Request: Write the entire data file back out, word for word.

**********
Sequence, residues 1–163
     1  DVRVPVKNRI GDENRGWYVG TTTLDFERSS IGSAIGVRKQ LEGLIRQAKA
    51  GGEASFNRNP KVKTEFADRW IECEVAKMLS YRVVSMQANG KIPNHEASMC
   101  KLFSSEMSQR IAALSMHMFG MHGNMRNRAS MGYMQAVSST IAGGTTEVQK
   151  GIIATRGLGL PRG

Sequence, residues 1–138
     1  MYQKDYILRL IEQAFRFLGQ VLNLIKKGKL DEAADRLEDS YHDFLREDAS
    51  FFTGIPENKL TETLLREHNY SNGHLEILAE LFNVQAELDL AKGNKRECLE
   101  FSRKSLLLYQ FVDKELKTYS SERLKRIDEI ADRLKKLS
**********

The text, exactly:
Sequence, residues 1–163
     1  DVRVPVKNRI GDENRGWYVG TTTLDFERSS IGSAIGVRKQ LEGLIRQAKA
    51  GGEASFNRNP KVKTEFADRW IECEVAKMLS YRVVSMQANG KIPNHEASMC
   101  KLFSSEMSQR IAALSMHMFG MHGNMRNRAS MGYMQAVSST IAGGTTEVQK
   151  GIIATRGLGL PRG

Sequence, residues 1–138
     1  MYQKDYILRL IEQAFRFLGQ VLNLIKKGKL DEAADRLEDS YHDFLREDAS
    51  FFTGIPENKL TETLLREHNY SNGHLEILAE LFNVQAELDL AKGNKRECLE
   101  FSRKSLLLYQ FVDKELKTYS SERLKRIDEI ADRLKKLS